Auto-completion for Registers in Vim

This is done by adding a function to the completefunc option that returns a list of your registers.

set completefunc=Registers

To make the function you have to return the register contents in a format that completefunc likes:

function! Registers(findstart, base)
if a:findstart == 1
return 0
endif
" Imagine, if you will, this is a full list
" of all your registers...
let l:regs = [ '"', '0', '1', '2', '3', '4', '5', '6', ...]
return {
\'words': map(l:regs,
\{ i, reg -> {
\'key': reg,
\'word': getreginfo(reg).regcontents[0],
\'abbr': '@' . reg,
\'menu': slice(trim(getreginfo(reg).regcontents[0]), 0, 20)
\}
\})
\}
endfunction

Add this to your vimrc and you’ll be able to insert the contents of your registers using CTRL-X CTRL-U in insert mode.

How it’s done

X Mode

Like most Vim devs I use a plugin to handle most of my completion needs, it just opens up automatically when I start typing and I use CTRL-N and CTRL-P to cycle through the options.

But did you know that Vim has a special X mode that can choose between all sorts of completion sources?

Try going into insert mode and pressing CTRL-X, you’ll see this message printed at the bottom of your view:

These are all the different X mode options.

You might already know CTRL-X CTRL-F which complete’s directory paths or CTRL-X CTRL-L which does whole line completion — it can choose from any whole line you’ve already written in an open buffer…

For our registers list I’m using CTRL-X CTRL-U which is the user defined completion menu. It’ll complete from a function you add to the completefunc option.

Function Format

You can learn all about the completefunc option format in :h complete-functions but it’s not a wild read so let me sum it up.

The function you add to completefunc has to accept two arguments findstart and base.

The function you add to completefunc will run twice. The first time it runs it’ll expect the index for where to start the menu. The second time it’ll expect the contents of the menu.

You can use findstart to tell you whether this is the first or second time the function is running. If its value is 1 it’s the first time and madly if it’s 0 it’s the second time, I know… #vimscriptingsmental.

So first of we write an if statement to check findstart and we return 0 to tell the menu to start at the first option:

function Registers(findstart, base)  " You have to prepend arg names with "a:"
if a:findstart == 1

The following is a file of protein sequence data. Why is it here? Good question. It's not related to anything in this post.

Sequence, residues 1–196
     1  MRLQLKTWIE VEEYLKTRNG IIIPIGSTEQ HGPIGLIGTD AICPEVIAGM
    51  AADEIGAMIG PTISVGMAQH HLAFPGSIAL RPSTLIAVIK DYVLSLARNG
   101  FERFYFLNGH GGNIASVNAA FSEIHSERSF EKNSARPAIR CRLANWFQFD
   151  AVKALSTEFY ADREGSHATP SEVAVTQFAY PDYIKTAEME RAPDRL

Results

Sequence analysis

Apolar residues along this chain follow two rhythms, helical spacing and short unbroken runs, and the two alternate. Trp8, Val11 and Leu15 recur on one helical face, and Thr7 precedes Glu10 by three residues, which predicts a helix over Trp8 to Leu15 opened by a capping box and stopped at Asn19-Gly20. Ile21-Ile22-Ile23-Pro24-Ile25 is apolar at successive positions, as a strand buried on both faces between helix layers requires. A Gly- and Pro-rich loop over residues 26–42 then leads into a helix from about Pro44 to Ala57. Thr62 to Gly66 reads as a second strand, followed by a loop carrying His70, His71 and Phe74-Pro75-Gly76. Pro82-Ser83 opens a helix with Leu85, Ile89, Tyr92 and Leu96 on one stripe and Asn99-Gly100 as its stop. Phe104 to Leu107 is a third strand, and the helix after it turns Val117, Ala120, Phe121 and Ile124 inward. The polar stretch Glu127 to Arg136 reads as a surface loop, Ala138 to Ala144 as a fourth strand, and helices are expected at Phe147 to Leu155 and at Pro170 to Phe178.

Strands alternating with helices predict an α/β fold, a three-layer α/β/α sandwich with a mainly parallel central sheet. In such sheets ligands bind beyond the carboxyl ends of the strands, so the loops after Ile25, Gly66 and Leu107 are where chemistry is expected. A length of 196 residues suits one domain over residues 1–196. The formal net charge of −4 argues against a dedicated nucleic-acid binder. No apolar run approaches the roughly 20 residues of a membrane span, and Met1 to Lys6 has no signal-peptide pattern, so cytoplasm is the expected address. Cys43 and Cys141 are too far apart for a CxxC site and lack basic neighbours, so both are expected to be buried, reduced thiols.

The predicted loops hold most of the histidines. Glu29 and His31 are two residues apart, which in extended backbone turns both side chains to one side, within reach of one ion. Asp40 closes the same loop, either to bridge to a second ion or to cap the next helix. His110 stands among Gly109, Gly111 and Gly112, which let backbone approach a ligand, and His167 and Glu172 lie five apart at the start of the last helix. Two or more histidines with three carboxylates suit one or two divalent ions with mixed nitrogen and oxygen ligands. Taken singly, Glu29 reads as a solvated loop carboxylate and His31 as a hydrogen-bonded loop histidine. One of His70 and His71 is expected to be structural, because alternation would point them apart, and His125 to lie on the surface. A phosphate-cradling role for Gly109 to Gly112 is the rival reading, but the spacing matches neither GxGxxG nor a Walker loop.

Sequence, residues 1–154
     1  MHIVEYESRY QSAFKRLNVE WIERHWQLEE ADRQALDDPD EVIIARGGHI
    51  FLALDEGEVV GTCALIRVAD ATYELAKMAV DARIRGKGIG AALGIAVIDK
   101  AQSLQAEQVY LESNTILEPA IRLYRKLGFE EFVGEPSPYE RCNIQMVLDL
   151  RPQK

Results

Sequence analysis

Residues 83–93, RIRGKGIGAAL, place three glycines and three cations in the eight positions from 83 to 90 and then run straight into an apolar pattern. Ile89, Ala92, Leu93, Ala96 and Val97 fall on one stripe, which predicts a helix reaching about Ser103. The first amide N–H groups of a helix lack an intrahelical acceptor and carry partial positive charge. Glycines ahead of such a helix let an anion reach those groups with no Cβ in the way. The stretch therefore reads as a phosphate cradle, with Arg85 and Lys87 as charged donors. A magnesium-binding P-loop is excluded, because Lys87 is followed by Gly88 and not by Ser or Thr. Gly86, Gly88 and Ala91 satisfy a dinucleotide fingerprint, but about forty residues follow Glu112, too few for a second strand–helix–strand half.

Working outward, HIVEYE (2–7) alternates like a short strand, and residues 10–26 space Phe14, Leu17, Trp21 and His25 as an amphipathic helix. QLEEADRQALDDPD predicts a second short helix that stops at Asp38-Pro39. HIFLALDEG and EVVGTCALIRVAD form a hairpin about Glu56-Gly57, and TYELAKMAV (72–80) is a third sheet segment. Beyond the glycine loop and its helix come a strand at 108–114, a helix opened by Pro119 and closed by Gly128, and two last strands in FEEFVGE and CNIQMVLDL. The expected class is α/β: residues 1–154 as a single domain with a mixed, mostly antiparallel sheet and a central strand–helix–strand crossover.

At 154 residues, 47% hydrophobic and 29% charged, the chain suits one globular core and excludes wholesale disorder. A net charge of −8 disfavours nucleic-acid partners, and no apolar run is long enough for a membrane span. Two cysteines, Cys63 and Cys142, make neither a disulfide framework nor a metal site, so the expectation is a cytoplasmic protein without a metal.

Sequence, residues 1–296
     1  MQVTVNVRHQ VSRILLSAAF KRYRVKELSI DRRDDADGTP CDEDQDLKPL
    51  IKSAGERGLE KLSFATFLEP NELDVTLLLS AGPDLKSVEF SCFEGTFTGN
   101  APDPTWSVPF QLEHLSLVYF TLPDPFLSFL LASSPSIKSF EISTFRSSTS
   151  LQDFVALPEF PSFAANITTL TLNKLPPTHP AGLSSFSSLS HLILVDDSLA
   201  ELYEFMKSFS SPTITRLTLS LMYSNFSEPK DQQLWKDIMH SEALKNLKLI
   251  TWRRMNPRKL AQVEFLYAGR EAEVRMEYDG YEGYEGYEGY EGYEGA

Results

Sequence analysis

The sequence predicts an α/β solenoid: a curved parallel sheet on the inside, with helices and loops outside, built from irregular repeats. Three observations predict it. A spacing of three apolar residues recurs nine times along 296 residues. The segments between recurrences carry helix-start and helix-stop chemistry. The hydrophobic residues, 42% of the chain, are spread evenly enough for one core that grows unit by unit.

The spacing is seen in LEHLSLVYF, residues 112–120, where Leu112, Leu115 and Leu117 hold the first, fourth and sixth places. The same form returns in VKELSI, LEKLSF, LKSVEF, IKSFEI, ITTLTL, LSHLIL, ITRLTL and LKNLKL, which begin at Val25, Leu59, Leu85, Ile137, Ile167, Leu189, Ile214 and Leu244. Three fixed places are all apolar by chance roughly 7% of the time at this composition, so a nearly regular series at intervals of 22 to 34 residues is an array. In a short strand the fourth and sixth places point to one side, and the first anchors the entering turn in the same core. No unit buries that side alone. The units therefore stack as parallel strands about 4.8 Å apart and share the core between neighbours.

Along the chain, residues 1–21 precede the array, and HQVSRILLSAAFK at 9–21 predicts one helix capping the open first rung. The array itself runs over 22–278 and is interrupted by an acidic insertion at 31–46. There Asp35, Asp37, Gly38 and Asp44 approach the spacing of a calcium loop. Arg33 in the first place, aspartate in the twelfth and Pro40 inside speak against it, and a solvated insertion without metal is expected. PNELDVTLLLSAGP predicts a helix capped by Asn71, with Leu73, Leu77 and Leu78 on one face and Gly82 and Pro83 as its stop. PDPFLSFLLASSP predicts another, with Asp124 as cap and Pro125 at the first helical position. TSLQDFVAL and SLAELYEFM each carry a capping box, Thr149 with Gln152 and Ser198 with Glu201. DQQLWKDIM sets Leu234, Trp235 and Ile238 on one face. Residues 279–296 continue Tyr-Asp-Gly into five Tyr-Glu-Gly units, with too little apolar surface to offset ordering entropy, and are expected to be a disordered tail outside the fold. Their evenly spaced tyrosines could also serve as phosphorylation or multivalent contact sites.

return 0
endif
endfunction

You won’t need to base but you do have to add it because Vim doesn’t like you ignoring function args.

Completion Menu Format

Next we have to return our list of options in a special format. It has to be a dictionary (aka an object) with an array of dictionaries called words, which have three useful string parameters, word, abbr and menu:

{ 'words': [{ 'word': '', 'abbr': '', 'menu': '' }, ...] }
  • word — the text you want the option to be.
  • abbr — the label for the option in the dropdown.
  • menu — a pretty version of the text to display in the dropdown.

So next if the findstart arg is not 1 we’ll return our dictionary:

function Registers(findstart, base)
if a:findstart == 1
return 0
endif
return { 'words': [
\{
\'word': 'yanked stuff full version',
\'abbr': '@"',
\'menu': 'yanked stuff'
\},
\]}
endfunction

Getting reg contents

Vim provides in-built functions to get the contents of most common lists, for example getbufinfo() for :ls gives you data about all your buffers, getchangelist() for :changes, getjumplist() for :jumps and so on — you can browse through Vim’s functions with :h functions.

Annoyingly though I couldn’t find one for registers.

But it does have a function for showing you a register one at a time called getreginfo which accepts a register name and returns an object with a list called regcontents.

You can try it out by echoing it in command mode:

:echo getreginfo('"')

This’ll print an object with some info about the " register…

{'regcontents': ['yanked stuff'], 'regtype': 'v', 'points_to': '-'}

Don’t ask me why regcontents is a list.

Let’s get the actual contents of the " reg and put it into Registers:

function Registers(findstart, base)
if a:findstart == 1
return 0
endif
return { 'words': [
\{
\'word': getreginfo('"').regcontents[0],
" This adds @" to the start of the option so we can
" clearly see which reg it is...
\'abbr': '@"',
" I'm using slice() and trim() to remove whitespace
" and shorten the text for the menu
\'menu': slice(trim(getreginfo('"').regcontents[0]), 0, 20)
\},
\]}
endfunction

Mapping Registers

Last of all we have to do some mapping trickery to convert a full list of registers into the right format.

First make a list of register names:

" The "l:" make regs a "local" variable...
let l:regs = ['"', '1', '2', '3', '4', ...]

Then use Vim’s best function, map, to convert them…

map(l:regs, { index, reg -> {} })

Looks weird right? map can accept a lambda function (a bit like a javascript fat-arrow => function) that receives an index and then the value in the list. It returns whatever you tell it to for each item in regs.

Now let’s add the formatting code:

map(l:regs, { i, reg -> {  \'key': reg, 
\'word': getreginfo(reg).regcontents[0],
\'abbr': '@' . reg,
\'menu': slice(trim(getreginfo(reg).regcontents[0]), 0, 20)
\} })

Finally add that to Registers

function! Registers(findstart, base)
if a:findstart == 1
return 0
endif
let l:regs = [ '"', '0', '1', '2', '3', '4', '5', '6', ...] return {
\'words': map(l:regs,
\{ i, reg -> {
\'key': reg,
\'word': getreginfo(reg).regcontents[0],
\'abbr': '@' . reg,
\'menu': slice(trim(getreginfo(reg).regcontents[0]), 0, 20)
\}
\})
\}
endfunction

Press CTRL-X CTRL-U and you’ll see a list of your registers with their names prepended.